Depending on where you reside, you may never have heard of a Cuban Sandwich, called a Cubano in Cuban restaurants. But August 23rd is National Cuban Sandwich Day, honoring a pressed hero-type sandwich that originated in Tampa and traveled to Miami and points beyond. In fact, there’s a rivalry between the two cities over small details (check out this article on NPR.org). Here’s a recipe. You can make it in a panini press, or with two skillets.
National Cuban Sandwich Day even has its own Facebook page.
The annual Cuban Sandwich Festival in Ybor City attracts competitors from around the United States. This year’s winner is from London!
In 2015, participating restaurants joined forces to make a 105-foot-long Cuban Sandwich, the world’s longest. Alas, we could find no photo.
> The history of the sandwich.
> The different types of sandwiches.
WHAT’S A CUBAN SANDWICH?
The original Cuban sandwich from the Ybor City district of Tampa, Florida is a type of hero sandwich made with glazed ham, shredded roast pork, Swiss cheese, Genoa salami, dill pickle chips and yellow mustard, on Cuban bread.
Cuban bread itself originated in Ybor City, most likely at La Joven Francesca bakery, established by a Sicilian-born baker in 1896 (it closed in 1973 and is now part of a museum). It’s a long, baguette-shaped loaf made with a bit of added fat (photo below).
The late 1800s. The Cuban sandwich we know today originated in Tampa, Florida in the late 1800s, in the now historic cigar-producing neighborhood of Ybor City. The neighborhood was populated by many Cuban immigrants, who came to work in the cigar industry, as well as German cigar workers and Italian laborers.
The early 1900s. The sandwich achieved popularity among workers in the district’s many cigar factories. One popular eatery, Columbia Restaurant in Ybor City, has been around since 1905. (It’s now an elegant restaurant, with a dolphin fountain in the courtyard.)
While it’s called “Cuban,” the sandwich has influences from other immigrant groups, particularly the German cigar workers and Italian bricklayers in the area.
Genoa salami was added by Italians, who found that placing a hot brick on top of the sandwich for a few minutes pressed it flat and made it taste better—warm and crusty. This led to the use of a cast iron grill press, still used today. At home, you can use a George Foreman grill or panini press (both are electric grill presses, with flat and ridged plates).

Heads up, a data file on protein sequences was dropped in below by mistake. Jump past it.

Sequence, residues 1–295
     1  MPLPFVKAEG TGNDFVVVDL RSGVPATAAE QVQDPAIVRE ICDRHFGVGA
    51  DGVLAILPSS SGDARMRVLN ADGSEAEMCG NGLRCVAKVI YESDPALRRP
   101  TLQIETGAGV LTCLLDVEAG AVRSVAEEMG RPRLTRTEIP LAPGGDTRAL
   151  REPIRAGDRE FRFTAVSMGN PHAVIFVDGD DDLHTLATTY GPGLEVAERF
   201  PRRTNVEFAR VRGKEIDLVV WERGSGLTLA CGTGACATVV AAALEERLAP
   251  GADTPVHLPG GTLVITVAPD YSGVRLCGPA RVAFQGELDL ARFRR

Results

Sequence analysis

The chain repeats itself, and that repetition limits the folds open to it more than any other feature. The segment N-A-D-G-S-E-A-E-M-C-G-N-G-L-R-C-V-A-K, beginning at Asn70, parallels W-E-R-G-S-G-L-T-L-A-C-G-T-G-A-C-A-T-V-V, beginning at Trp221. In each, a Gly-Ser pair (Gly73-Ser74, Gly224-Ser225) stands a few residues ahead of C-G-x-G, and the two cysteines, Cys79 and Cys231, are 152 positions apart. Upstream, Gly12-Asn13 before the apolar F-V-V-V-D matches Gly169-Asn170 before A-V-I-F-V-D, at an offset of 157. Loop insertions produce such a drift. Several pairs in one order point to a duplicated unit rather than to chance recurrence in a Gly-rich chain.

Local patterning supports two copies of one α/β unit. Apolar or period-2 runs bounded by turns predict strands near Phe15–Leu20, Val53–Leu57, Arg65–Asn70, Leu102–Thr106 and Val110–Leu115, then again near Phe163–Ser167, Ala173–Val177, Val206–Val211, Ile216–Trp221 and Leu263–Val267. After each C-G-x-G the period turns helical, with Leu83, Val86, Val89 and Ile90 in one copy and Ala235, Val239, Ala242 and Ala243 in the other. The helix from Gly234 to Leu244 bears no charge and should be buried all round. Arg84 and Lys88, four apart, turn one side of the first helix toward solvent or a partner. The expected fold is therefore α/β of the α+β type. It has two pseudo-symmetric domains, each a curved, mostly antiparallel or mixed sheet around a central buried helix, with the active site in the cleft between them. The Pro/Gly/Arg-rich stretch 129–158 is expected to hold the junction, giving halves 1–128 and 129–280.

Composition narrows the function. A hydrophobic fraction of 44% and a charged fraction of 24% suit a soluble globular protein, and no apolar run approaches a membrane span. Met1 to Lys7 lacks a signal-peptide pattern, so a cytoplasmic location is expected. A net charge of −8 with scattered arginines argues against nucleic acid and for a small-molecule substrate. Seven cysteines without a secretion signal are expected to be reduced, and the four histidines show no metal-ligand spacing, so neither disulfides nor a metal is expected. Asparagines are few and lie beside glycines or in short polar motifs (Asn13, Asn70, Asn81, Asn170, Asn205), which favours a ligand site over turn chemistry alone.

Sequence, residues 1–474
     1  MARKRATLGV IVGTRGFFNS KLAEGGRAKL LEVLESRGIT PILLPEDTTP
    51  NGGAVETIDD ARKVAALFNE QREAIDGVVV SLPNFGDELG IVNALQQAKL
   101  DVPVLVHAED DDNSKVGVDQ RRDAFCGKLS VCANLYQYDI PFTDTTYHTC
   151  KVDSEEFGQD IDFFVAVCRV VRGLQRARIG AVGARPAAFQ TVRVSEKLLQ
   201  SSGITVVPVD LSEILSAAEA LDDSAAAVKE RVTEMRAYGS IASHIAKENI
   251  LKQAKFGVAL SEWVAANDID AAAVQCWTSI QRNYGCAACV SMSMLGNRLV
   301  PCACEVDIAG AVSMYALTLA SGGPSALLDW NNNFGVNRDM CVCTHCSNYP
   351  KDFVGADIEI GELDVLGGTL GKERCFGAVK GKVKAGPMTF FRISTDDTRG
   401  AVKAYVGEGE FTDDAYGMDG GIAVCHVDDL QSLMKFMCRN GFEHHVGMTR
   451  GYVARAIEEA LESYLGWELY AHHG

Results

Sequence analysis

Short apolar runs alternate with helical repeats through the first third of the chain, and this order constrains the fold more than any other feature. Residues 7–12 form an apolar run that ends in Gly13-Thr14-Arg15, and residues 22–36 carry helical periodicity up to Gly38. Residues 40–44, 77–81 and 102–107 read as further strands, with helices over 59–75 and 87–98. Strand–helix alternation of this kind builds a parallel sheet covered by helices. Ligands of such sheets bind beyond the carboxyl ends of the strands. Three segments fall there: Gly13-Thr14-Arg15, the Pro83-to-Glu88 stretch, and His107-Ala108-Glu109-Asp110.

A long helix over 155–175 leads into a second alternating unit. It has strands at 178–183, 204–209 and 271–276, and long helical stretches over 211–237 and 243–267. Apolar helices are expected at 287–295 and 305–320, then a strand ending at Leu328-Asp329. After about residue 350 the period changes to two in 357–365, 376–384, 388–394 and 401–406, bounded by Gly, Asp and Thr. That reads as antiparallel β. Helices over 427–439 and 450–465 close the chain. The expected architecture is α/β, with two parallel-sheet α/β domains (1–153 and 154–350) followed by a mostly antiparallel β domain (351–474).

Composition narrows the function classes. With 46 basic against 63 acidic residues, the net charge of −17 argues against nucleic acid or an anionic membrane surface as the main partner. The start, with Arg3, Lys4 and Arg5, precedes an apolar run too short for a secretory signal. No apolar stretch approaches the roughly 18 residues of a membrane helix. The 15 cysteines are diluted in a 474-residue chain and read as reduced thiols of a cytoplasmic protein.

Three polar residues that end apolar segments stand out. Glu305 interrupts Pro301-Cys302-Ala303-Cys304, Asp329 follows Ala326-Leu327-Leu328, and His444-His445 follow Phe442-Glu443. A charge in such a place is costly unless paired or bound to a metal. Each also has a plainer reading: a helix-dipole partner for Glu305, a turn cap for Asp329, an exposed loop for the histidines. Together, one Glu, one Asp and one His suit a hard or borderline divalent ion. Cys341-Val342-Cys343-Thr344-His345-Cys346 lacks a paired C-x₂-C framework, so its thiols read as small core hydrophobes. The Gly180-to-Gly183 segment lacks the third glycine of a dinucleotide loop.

Mustard was a condiment preferred by the Germans. It also didn’t spoil in the Florida heat as mayonnaise could. Refrigeration was scarce in the early 20th century.
TAMPA VERSUS MIAMI
Tampa and Miami have an ongoing rivalry over the correct ingredients for a Cuban sandwich.
Miami avows that salami should never be used. Plus, Miami-style Cuban sandwiches can be spread with butter!
But there’s no doubt about the original ingredients.
In 2012, the Tampa City Council passed a resolution designating the “Historic Tampa Cuban Sandwich” as the “signature sandwich of the city of Tampa.”
The Council proclaimed that a traditional Tampa Cuban is to include Cuban bread, ham, mojo-spiced pork, Genoa salami, mustard, Swiss cheese, and three pickle chips.
By the 1970s, the Cuban Sandwich had spread to menus around the United States.
In 2015, the Cuban Sandwich Factory opened in Belfast, Ireland.
In 2016, the Tampa Cuban Sandwich Bar opened in Seoul, Korea.
In fact, London’s Jama Cubana restaurant won first place in The World’s Best Cuban Sandwich category at the 2016 Annual Cuban Sandwich Festival (held in Tampa on March 5th). It too is a newcomer, opened in 2015.
MEDIANOCHE, THE CUBAN SANDWICH SIBLING
Very similar to the Cuban Sandwich is the Medianoche (“midnight”), which originated in Cuba.
As the name suggests, this sandwich is popular late-night fare, served in Havana’s nightclubs. It contains the same ingredients as the Cuban Sandwich—ham, roast pork, Swiss cheese, mustard, and dill pickles.
However, it is smaller and uses a different bread: rolls made from an egg dough with a bit of sugar (similar to challah but a different shape).
Like the Cuban sandwich, the medianoche is typically warmed in a press.
So warm up the press: Wherever you live, today’s the day to enjoy a Cuban Sandwich.
 The Cuban Sandwich: composed but not yet pressed (photo © National Cuban Sandwich Day | Facebook).
 The sandwiches are pressed under hot irons. You can use your George Foreman grill or a panini press (photo © Florida Girl Linda C | Flickr.
 The crust is now crunchy and the sandwich is ready to enjoy with a cold beer (photo courtesy Columbia Restaurant | Ybor City).
 At home, it’s easy to use a panini press (photo © King Arthur Flour).
 Cuban bread is a long loaf like a baguette but is doughier and without the crustiness of a French or Italian loaf. Here’s the recipe to bake it at home, from The Stay At Home Chef (photo © The Stay At Home Chef).
 The best Cuban Sandwich in the world (2015 winner) is from London’s Jama Cubana restaurant.